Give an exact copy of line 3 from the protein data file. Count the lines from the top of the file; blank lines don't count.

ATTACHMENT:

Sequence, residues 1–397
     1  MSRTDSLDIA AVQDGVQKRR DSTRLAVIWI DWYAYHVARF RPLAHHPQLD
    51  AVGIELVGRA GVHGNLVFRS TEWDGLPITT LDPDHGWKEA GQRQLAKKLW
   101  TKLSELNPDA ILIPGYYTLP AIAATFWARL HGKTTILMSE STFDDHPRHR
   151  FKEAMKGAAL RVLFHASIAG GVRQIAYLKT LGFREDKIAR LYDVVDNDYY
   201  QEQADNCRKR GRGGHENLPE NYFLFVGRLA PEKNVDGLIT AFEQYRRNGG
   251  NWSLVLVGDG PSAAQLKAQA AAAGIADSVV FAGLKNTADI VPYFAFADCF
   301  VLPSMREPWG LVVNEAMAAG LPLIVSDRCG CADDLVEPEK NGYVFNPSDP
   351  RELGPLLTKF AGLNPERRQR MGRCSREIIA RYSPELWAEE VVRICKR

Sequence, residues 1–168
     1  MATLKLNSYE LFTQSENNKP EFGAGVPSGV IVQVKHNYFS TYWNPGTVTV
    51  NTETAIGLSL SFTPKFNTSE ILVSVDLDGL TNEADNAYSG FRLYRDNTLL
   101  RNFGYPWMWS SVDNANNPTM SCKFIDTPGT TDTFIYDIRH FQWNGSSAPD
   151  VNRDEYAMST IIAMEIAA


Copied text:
    51  AVGIELVGRA GVHGNLVFRS TEWDGLPITT LDPDHGWKEA GQRQLAKKLW